Irfan Aslam, director of Global Components, shares an insight into the issues faced at ports and why the Government needs to step up.
To describe this year as challenging is an understatement. For businesses, multiple that by 10 and you’re getting to close to how the majority feel.
There are businesses that are struggling to survive, while on the other end of the scale, those businesses that have seen demand skyrocket are feeling the pressure of being able to meet such increased levels.
One such business is Global Components (UK) Ltd. Specialising in the supply of raw materials to bed manufacturers in the UK & Ireland for over 20 years, 2020 has been a year to remember. But for the wrong reasons.
“This year has been a very challenging year,” said Irfan Aslam, director of Global Components, who has been in the furnishing industry since the age of 16 years old. “My views are very simple. The Government has let down the business community massively.”
Irfan went on to say that he feels there has been a huge level of misunderstanding on how important the bed manufacturing industry is the UK’s wider economy. The way the Government is handling issues around Brexit is a situation that has now reached boiling point, with lack of import movement coupled alongside rising prices.
“We understand there is a worldwide increase in terms of raw materail price increases, but the issue at the ports and with what arrives into the country could have been solved months ago.
“When it became apparent the country had a no-deal scenario and people were going to start bringing a lot more goods into the country, this is down to the Government to put measures in place so this wouldn’t happen or impact so much as it currently is.
“This has been going on for months now and the situation is just getting worse on a daily basis. And yet nothing has been done about it. And now we find ourselves in that situation of all the major ports are bottle-legged, there’s nothing coming through.
“When the industry is facing huge price increases, we’re facing shortages too as the raw materials are not being able to enter the country, which means they can’t be supplied by companies like us. This means the goods at factories can’t be made to the demand we are experiencing. The orders are there, we just can’t physically get the materials in fast enough to deliver to our customers.”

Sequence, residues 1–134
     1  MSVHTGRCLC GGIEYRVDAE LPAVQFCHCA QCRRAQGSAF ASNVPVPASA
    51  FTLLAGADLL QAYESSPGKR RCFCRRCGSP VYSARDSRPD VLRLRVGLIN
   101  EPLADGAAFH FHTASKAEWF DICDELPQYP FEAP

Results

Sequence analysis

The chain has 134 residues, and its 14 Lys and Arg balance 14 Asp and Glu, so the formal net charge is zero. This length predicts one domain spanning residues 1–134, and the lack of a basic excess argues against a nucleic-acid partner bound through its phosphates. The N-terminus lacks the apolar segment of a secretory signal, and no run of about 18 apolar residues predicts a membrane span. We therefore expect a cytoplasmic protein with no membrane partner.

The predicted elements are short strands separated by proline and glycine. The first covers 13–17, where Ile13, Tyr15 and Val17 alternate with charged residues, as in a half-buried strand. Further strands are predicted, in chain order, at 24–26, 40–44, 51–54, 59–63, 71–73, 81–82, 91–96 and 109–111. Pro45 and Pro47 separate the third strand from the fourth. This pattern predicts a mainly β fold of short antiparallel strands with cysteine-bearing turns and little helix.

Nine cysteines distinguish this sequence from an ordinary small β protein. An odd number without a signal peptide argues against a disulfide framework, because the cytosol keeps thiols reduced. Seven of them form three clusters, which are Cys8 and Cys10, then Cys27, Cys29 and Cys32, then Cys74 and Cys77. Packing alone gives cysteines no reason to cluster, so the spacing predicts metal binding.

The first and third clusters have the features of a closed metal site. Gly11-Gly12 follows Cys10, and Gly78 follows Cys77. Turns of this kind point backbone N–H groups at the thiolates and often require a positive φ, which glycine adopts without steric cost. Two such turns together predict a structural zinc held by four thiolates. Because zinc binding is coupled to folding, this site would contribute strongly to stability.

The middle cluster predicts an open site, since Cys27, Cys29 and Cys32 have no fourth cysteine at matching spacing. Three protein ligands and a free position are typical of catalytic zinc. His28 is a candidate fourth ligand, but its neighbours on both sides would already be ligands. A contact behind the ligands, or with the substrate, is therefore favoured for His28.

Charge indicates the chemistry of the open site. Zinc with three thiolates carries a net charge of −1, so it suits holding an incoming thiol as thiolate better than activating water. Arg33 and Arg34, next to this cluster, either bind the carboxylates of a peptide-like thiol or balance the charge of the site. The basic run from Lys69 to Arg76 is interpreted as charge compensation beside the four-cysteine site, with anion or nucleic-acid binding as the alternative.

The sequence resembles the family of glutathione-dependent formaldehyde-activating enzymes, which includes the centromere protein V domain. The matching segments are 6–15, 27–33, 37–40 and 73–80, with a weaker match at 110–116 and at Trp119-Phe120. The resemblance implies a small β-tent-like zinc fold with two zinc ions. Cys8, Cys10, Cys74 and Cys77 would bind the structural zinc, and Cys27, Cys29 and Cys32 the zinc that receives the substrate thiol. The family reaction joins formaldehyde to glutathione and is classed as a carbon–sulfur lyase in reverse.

This in turn creates another situation. A problem that can test working relationships and even determine if a business can continue to survive. As Irfan says, he feels like, at times, he is lying to customers due to constant, unpredictable, uninformed changes that occur on a regular basis.
“I’ve developed a lot of partnerships. I don’t see my customers as customers, I see them as partners because their success is our success and if we’re not able to facilitate them on the supply chain, it obviously impacts them.
“The situation we’ve got on a daily basis, for example, is that we’ve told a customer that next week a certain amount of goods are coming in but on the day they are supposed to arrive to us, we get notified by the shipping agent that they can’t deliver as the container has been held up at the port.
“This is happening on a daily basis with little or last minute communication that is proving to be a real problem. It’s putting a big strain on my staff, as they have got fantastic relationships with the customers and it’s almost like as if they feel they are lying to the customer, and letting them down when we can’t fulfil our supply. It becomes stressful for everybody in the process.
“The Government have put so much strain on business operations. Furlough is kind of like putting someone in an ICU, as this is just keeping them going until March when it runs out. What happens next? The businesses that are under more strain than others won’t be able to recover post-furlough and we will see more and more businesses closing for good.
“Come next year, there will still be problems as we won’t have the support of the furlough scheme, the issues we are all facing now will still persist through backlog that we are trying to ride out and inevitably it is going to impact the bottom line of any business.”
Irfan, along with many other businesses, is seeking more clarity from the Government, better communication and a distinctive plan to tackle the issues around supply.
If businesses were told in advance that shortages were coming, then “maybe you can prepare to some extent”, but as Irfan says, trying to deal with new challenges and problems on monthly, and even daily, basis, is not good enough.
“Everybody, whether you’re a one person business to a large outfit, is petrified of what will happen next year due to this lasting problems that we have all felt in the last few months.
“The buck stops with the Government. Lack of planning. Lack of understanding of industries like ours and the businesses involved and the impact it is having. Lack of communication. It really is a sad state of affairs.
“Ports need help in the form of the Government encouraging and supporting ports to employ more people, and actually giving us a strong idea of what will happen next year.”
Questions like, have they got the structures in place to allow goods to come in like before? Will there be more delays? If so, what is the time scale? Four weeks, six weeks, eight weeks? All need to be answered with clarity.
“We need this information so we can tell our customers what is happening. At the moment we are working in the dark here. It’s a guessing game and it’s a huge challenge.”